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Limited mobility doesn't stop senior surfers

PC World

(IDG) -- For older Americans, the Web offers a door to family and health information. As the number of graying Netizens grows, some in the health industry are looking at changing their sites to meet seniors' needs.

Technology experts gathered recently to discuss ways to make technical resources more accessible for mature users. Seniors often have difficulty navigating the Web, finding information, and sometimes even remembering the object of their search, agreed speakers at the "Older Adults, Health Information, and the World Wide Web," conference at the National Institute of Health.

"There is a dramatic decline in Internet use as a function of age," says Richard Hodes, director of the National Institute on Aging and the National Institute of Health. "We need to address this in figuring out ways to effectively communicate with older Americans." Arguably, those who most need online health information are those who have disabilities and the most trouble using the Web, he adds. INFOCENTER
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For example, a site called the "Interactive Age Page" is being constructed specifically to meet cognitive and visual requirements of older people. Developed by the National Institute on Aging and the National Library of Medicine, it will offer medical information and feature simple organization, navigation, and design. Key information is repeated throughout the site to accommodate seniors' memory retention, and scroll bars are outlawed because they are difficult for visually impaired eyes to focus on. The site is scheduled to go live this summer.

"We've seen a dramatic change in recent years as to how patients get their health information," Hodes says. "Physicians and caregivers use the Web as a resource, and patients are also using it themselves. The dynamic has changed, so it's no longer uncommon for a patient to bring health care information they've learned from the Web to their caregivers."

Training eases concerns

Yet many older Americans are still wary of the Web. A Pew Internet and American Life survey released in September finds 74 percent of those over age 50 who are not online say they don't ever plan to get Internet access. But 65 percent of those under 50 do want to get online. So why are older people avoiding the technology?

"The barriers to Internet use are access, skill, and intimidation," says Tobey Gordon Dichter, of Generations On Line. The nonprofit corporation provides both a learning product and self-training services to senior centers, libraries, and retirement homes.

Computer teachers at two senior centers in Maryland say their residents aren't shying away from the Web. Older people there are rapidly enrolling in Internet training classes to find out what they've been missing.

"We've had a lab of 18 computers for four years now, and have been Internet enabled for the past two years," says Edie Roscher, director of the O'Malley Senior Center in Anne Arundel County. "Seniors at our center are constantly e-mailing their kids and grandchildren. Some use the Web to research personal interests. One woman studies art history, and there's a group of 12 who have formed a genealogy group."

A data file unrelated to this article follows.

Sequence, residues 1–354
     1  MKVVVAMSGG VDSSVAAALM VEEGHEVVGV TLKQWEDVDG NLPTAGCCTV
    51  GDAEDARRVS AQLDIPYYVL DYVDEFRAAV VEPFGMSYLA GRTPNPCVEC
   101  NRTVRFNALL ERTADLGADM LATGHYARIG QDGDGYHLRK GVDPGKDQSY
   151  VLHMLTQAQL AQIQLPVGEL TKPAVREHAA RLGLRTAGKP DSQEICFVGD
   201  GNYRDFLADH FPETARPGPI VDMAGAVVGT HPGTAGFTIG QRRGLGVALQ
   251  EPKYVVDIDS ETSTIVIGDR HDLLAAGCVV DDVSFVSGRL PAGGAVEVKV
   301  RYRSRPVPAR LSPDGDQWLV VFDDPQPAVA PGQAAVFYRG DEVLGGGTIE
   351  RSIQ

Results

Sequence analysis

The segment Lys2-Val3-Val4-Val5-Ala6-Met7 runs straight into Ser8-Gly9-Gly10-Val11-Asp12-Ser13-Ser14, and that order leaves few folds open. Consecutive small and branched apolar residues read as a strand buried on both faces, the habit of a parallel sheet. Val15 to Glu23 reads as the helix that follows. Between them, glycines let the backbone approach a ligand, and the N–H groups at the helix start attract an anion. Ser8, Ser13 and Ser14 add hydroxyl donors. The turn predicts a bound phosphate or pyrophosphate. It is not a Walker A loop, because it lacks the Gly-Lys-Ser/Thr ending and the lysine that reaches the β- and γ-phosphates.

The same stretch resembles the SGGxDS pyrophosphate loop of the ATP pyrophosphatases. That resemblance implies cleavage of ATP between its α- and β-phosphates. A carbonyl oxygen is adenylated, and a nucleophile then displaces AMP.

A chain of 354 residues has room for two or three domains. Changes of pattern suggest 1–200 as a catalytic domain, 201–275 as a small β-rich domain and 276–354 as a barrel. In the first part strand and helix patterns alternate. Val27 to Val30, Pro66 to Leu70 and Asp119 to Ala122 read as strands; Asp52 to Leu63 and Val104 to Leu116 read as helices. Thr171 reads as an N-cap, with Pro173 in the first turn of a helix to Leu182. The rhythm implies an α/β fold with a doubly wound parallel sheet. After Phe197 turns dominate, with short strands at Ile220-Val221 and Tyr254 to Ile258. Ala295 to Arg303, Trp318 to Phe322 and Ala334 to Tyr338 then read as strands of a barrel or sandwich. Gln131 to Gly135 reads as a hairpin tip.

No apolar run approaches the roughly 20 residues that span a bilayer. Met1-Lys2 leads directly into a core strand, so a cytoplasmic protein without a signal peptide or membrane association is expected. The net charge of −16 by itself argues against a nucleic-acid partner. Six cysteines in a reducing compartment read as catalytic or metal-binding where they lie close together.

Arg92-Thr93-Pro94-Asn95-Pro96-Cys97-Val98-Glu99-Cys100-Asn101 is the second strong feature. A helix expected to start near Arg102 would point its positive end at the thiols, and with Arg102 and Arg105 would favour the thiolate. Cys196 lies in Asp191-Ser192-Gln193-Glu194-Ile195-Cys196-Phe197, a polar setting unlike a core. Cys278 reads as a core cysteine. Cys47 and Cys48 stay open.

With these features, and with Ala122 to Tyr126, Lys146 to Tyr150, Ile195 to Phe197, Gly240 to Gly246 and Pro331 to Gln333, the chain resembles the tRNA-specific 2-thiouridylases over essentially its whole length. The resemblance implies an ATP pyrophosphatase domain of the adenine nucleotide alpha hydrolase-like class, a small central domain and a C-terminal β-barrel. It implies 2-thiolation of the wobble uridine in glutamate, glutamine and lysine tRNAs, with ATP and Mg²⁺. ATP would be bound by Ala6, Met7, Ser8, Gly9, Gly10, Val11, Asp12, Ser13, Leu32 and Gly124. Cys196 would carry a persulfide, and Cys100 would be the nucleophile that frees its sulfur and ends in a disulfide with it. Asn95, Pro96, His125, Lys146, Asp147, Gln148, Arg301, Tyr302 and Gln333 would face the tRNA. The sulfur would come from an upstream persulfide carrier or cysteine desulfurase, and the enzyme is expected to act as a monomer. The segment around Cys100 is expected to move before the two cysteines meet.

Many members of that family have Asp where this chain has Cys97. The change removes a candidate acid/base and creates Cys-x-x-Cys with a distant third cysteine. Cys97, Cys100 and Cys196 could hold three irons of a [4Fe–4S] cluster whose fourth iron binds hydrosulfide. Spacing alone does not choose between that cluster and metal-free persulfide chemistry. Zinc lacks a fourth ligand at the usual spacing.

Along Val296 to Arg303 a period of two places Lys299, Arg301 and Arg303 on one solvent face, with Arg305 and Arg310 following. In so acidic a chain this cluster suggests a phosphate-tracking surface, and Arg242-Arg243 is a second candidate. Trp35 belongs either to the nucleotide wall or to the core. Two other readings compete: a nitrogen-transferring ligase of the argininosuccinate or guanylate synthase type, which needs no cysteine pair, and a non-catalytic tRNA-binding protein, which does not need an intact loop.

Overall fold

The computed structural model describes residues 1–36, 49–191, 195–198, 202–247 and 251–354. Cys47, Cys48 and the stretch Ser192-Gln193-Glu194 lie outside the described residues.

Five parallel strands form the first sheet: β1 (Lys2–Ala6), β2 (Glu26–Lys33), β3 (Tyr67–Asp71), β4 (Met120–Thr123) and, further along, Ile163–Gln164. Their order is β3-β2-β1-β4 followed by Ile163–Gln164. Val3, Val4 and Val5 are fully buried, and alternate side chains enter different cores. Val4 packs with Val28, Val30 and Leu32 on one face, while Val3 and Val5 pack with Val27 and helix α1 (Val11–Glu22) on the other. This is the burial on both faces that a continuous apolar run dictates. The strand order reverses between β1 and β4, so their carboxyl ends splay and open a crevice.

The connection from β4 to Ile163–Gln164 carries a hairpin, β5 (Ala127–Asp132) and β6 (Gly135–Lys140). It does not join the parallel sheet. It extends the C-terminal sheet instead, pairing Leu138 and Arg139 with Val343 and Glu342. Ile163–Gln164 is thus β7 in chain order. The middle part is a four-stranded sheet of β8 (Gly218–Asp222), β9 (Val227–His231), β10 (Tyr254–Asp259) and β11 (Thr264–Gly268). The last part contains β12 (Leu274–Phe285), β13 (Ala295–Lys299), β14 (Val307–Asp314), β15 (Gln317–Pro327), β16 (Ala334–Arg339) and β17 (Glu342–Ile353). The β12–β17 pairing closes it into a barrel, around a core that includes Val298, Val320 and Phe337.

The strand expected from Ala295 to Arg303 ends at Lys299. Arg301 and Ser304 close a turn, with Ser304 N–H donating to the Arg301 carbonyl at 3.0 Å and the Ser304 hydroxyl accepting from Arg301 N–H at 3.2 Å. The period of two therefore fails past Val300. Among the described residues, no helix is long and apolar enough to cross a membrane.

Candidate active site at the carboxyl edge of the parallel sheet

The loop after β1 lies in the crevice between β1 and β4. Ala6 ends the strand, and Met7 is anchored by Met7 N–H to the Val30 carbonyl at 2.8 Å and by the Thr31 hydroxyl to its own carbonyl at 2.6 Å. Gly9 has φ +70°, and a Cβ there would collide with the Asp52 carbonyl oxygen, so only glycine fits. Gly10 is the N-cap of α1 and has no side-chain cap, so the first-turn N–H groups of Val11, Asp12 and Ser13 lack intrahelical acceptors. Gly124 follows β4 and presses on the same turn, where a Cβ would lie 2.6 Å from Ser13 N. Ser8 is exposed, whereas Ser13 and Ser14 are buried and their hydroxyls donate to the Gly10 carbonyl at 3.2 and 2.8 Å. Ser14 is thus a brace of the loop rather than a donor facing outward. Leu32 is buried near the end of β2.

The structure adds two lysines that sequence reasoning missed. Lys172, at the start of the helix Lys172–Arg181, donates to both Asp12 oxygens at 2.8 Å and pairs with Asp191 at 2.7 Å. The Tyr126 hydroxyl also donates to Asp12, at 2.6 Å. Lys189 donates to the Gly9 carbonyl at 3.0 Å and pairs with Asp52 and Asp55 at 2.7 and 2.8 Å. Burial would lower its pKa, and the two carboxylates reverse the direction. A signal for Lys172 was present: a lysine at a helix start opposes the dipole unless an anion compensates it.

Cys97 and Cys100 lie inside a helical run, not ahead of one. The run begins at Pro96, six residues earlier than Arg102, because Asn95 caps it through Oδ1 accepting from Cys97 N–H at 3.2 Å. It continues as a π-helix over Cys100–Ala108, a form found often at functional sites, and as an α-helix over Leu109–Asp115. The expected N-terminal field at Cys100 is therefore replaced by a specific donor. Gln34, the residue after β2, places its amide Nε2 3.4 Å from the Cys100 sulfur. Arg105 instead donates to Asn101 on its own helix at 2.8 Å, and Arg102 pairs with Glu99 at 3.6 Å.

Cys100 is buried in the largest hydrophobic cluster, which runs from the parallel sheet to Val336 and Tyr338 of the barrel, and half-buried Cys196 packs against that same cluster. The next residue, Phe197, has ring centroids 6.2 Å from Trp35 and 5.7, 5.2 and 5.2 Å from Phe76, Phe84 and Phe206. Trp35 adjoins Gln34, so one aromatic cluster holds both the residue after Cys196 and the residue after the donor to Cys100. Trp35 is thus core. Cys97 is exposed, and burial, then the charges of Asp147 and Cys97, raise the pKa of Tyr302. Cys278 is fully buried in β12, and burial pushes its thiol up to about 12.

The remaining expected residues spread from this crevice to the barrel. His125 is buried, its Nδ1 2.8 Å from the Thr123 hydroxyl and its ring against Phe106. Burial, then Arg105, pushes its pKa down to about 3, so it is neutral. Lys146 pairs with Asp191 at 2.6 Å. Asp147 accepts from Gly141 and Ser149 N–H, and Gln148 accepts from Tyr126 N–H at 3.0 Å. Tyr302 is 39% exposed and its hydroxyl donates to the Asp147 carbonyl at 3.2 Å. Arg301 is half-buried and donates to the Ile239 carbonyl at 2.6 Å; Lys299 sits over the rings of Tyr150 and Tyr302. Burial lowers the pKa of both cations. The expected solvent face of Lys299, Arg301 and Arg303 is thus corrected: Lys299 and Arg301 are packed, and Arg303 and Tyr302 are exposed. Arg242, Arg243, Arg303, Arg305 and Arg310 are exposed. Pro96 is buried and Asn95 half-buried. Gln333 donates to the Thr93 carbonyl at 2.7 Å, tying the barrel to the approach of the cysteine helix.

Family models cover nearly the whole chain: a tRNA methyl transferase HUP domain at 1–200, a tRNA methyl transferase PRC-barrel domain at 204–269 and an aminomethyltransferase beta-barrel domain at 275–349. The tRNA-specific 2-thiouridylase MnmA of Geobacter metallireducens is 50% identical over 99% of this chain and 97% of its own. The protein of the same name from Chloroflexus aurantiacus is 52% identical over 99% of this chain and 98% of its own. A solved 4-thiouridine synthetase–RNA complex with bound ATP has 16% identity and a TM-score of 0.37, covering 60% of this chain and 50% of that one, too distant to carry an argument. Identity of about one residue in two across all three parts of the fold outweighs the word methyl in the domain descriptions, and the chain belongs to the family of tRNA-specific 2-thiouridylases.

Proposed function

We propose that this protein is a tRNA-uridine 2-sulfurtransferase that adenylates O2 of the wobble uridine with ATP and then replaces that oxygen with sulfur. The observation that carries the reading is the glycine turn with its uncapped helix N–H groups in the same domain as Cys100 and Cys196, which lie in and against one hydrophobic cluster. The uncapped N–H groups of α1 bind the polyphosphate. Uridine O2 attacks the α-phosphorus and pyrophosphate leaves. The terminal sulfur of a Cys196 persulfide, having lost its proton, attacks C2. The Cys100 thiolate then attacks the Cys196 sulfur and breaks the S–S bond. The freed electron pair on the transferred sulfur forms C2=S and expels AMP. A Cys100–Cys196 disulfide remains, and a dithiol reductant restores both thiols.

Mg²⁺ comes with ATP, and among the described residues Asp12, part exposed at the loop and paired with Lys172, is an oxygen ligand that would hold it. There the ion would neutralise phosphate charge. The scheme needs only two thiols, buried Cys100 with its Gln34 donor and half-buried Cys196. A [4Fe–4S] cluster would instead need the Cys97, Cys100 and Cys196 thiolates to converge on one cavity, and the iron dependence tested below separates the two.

Many enthusiasts are "the younger generation" -- newly retired seniors who used PCs in the workplace, Roscher adds. But 60 percent of class attendees are using the Web for the first time.

"We have a waiting list to get into classes, and we expect double the number of people than the 13 we can fit in class," says Sherman Krasney, a computer instructor at the senior center in Bowie.

Voice input sought

Krasney himself is a youthful 75. He says he's been using computers for years, but the classes are for people who don't even know where the plug is.

"Many have never even seen a computer before and are afraid to touch it because they worry they'll break it. I tell them, go ahead, break it if you can," Krasney says. "When they see that their mistakes won't hurt the computer, they lose the fear."

The Bowie Senior Center teaches word processing and how to research information on the Web and use e-mail.

"They're here to e-mail their grandchildren, that's the number one reason seniors take these classes," Krasney says. "And a lot of people also look up their medicines to see what other medication may conflict with it or go to the university sites to see about the latest treatments." He wants to install voice-input systems next.

Such technologies are not far off, says W.S. "Ozzie" Osborne, manager of IBM Voice Systems, who spoke on human interface technology at the conference. IBM is working "to get computers to talk to us -- like in The Jetsons," Osborne says. "People want to be able to talk to a computer. They want the machine to understand them as a person, and not have to learn how to use it."

An elderly person may not be mobile or get information easily, but could always be in communication with, say, a voice-enabled wireless Internet access device built into a wristwatch, Osborne explains. They could carry it with them and even call out for emergency help without needing to move.

"Because of voice recognition, people will be able to do things they never could before because of poor sight, poor hearing, or immobility," Osborne says. "Older people will be able to videoconference with their families without leaving home. Technology can open up worlds to these people."

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National Institute of Health
National Institute on Aging
National Library of Medicine

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4:30pm ET, 4/16

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